This information will help you prepare for your neck dissection surgery.
Head and neck cancers can spread to the lymph nodes. Lymph nodes are small oval or round bodies along the lymphatic system. If your doctor thinks there is a high risk that the cancer may spread to the lymph nodes in the neck, or if it has already spread to those nodes, your treatment may include a neck dissection. This is a surgery in which the lymph nodes in the neck region are removed.
There are various levels of lymph nodes in the neck. The most likely pathway for the spread of cancer to these lymph nodes depends on the site of the cancer. For example, in cancers of the mouth, the pathway is to lymph nodes at levels I, II, and III (see Figure 1).
In cancers of the throat, the pathway of spread is to levels II, III, and IV. The lymph nodes in level V are more commonly affected by thyroid cancer and extensive tumors of the oral cavity, the back of the nose, or the throat.
In addition to the lymph nodes, other structures in the neck may need to be removed. These structures include:
- The muscle on the side of your neck that helps you turn your head. When this muscle is removed, there will be an indentation on that side of your neck. You will still be able to move your neck without difficulty.
- The nerve that allows you to raise your arm higher than your shoulder. The surgeon will try to save this nerve. If it must be removed, you will have trouble raising your arm higher than a 90-degree angle on the side of your surgery.
- A major vein that collects blood from the brain and surface area of the face and neck. Removal of this vein on one side of the neck will not cause problems for you. Other veins in the neck will collect and circulate the blood on that side of the neck and face.
- A salivary gland in the upper part of the neck. Removal of this gland will not cause any damage to your salivary function.
Types of Neck Dissections
There are several types of neck dissections. The type you will have depends on where the cancer is, whether it has spread to the lymph nodes, and whether it has spread to other structures in your neck. Sometimes, your surgeon can tell which lymph nodes are affected by examining you. If this is not possible, you may need to have a CT scan or ultrasound of the neck to provide the surgeon with images of the affected area.
Your Hospital Stay
Your doctor or nurse will be able to tell you roughly how long you will be in the hospital. You will be given instructions on how to care for your wound. Your doctor will see you for your first follow-up visit about 1 week after you leave the hospital.
Caring for Your Incision
Your surgeon will close your incision with staples or sutures. The type of incision depends on which level of lymph nodes needed to be removed. You can discuss which type of incision will be required with your surgeon.
A drain called a ReliaVac® will be placed in your neck during your surgery (see Figure 2). It helps prevent fluid from collecting under your skin. The drain does not hurt. The drain is emptied regularly. When the drainage is less than 15 mL or ½ ounce, the drain is removed. You will be discharged on that day.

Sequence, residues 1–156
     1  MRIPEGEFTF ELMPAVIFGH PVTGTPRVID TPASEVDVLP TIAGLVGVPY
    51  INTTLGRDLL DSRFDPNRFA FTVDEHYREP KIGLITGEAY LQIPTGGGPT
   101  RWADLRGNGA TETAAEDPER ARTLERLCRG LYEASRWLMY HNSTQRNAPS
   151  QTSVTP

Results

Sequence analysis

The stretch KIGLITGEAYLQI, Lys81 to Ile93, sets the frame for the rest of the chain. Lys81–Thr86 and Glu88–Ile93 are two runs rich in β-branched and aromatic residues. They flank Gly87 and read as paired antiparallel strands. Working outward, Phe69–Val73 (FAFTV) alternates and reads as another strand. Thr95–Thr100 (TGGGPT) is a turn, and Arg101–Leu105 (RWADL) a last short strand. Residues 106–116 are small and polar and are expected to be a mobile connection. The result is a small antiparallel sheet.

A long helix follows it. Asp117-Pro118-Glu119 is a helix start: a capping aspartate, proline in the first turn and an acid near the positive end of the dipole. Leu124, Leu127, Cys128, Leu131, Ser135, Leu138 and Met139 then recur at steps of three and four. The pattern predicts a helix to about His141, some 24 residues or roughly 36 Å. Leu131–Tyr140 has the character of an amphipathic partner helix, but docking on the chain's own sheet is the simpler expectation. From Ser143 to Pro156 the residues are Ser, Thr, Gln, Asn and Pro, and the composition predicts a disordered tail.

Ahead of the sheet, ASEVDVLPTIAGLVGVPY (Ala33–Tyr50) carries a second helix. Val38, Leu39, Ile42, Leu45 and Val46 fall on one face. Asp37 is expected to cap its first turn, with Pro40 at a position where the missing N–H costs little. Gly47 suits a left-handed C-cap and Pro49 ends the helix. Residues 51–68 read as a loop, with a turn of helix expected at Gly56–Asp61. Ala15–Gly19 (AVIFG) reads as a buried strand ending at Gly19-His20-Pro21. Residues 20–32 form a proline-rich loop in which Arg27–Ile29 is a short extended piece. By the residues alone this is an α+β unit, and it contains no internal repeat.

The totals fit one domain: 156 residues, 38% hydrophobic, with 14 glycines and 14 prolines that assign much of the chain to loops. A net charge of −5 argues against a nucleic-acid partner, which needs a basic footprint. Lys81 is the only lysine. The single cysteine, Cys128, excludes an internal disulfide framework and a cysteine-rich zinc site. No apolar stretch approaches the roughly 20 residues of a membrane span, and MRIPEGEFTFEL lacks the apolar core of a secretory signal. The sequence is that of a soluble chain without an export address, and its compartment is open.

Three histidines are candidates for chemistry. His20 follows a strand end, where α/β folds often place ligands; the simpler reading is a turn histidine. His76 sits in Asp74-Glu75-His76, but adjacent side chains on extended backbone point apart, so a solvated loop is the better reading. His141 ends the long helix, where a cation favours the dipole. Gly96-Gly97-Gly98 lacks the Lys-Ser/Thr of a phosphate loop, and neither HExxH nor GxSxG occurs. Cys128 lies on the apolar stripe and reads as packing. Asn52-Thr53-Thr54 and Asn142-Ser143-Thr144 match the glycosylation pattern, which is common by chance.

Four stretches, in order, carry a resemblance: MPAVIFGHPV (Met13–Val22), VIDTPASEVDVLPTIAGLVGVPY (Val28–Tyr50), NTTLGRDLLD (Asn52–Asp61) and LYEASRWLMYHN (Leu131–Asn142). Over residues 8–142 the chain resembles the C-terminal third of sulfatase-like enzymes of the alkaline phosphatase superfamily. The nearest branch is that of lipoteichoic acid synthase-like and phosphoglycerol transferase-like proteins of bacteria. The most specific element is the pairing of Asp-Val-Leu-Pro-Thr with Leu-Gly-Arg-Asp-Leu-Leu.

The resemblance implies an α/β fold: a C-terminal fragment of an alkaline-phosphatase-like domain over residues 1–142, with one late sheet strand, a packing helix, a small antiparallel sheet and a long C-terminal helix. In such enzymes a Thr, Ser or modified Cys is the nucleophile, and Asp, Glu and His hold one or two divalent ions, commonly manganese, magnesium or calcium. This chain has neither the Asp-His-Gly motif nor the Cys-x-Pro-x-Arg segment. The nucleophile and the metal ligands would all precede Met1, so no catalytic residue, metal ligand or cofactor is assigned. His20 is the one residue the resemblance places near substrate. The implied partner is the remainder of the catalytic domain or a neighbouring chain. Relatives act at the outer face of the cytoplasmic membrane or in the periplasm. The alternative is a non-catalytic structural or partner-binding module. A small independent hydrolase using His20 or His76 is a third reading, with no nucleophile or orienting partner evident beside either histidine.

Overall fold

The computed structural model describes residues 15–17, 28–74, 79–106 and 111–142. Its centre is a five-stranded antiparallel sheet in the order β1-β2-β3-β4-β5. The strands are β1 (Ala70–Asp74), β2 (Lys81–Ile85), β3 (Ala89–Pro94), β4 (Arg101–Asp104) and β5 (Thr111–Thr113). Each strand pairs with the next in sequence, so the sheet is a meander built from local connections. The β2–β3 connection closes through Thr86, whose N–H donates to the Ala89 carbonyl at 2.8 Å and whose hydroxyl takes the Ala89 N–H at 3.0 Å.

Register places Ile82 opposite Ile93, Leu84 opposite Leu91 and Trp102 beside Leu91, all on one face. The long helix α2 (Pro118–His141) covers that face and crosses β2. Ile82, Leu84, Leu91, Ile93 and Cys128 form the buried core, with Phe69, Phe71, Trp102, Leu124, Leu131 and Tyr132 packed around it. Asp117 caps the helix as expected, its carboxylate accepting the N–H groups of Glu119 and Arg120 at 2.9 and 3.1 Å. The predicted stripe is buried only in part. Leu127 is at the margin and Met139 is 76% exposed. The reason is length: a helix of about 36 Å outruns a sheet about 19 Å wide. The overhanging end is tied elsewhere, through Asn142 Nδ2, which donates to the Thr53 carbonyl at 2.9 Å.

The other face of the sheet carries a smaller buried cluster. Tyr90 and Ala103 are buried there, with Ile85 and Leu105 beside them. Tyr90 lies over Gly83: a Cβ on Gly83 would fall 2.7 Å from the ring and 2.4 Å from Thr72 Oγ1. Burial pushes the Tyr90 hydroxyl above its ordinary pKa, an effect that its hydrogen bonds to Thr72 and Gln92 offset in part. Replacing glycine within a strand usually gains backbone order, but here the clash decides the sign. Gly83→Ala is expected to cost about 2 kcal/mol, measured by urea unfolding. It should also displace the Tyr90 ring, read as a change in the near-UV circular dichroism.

If you stay in the hospital for longer than 1 week:
- Some or all of the staples or stitches will be removed before you leave.
If you stay in the hospital for less than 1 week:
- The staples or stitches will be removed during your first follow-up visit with your doctor after your surgery.
- If you have received radiation therapy to your neck before your surgery, your staples or stitches will remain in place for 2 to 3 weeks.
It is very important that you keep your incision clean to remove crust. Crust can collect bacteria and lead to infection. Your doctor or nurse will teach you how to care for it before you are discharged. Once you are home, you must care for your incision daily as described below.
Gather the following supplies:
- Cotton swabs, e.g., Q-Tips®
- Normal saline
- Bacitracin ointment
- Take a swab and dip it into normal saline once. Gently go along the incision line around the staples or sutures. Repeat this step with a fresh swab as many times as it takes to clean the incision. Remember that you can only dip the swab once. You must use a clean swab each time you dip it into the saline. The swabbing will help loosen any crust that may have developed along the wound.
- Apply a small amount of bacitracin to the incision with a clean swab.
Your lymph nodes will be examined for cancer after they are removed. These results are usually ready in 5 to 7 business days. You may need radiation therapy, chemotherapy, or both. If you have thyroid cancer that has spread to any of the lymph nodes, you may need to have treatment with radioactive iodine. Your doctor will discuss the report with you during your first office visit after surgery. Call your doctor or nurse to schedule your follow-up appointment.
You will be given a booklet that shows you how to do exercises when your staples or stitches are removed. The exercises will help you move and use your affected arm and shoulder and achieve the most function. It is very important that you do the exercises every day.
In addition to the neck exercises, you may need physical therapy to achieve the maximum range of motion and use of your shoulder, arm, and neck.
Call Your Doctor or Nurse Immediately if You Have:
- A temperature of 100.4° F (38° C) or higher
- Increased discomfort, redness, or both around your incision
- Skin around the stitches that is hot to the touch
- Drainage or accumulation of fluid from the incision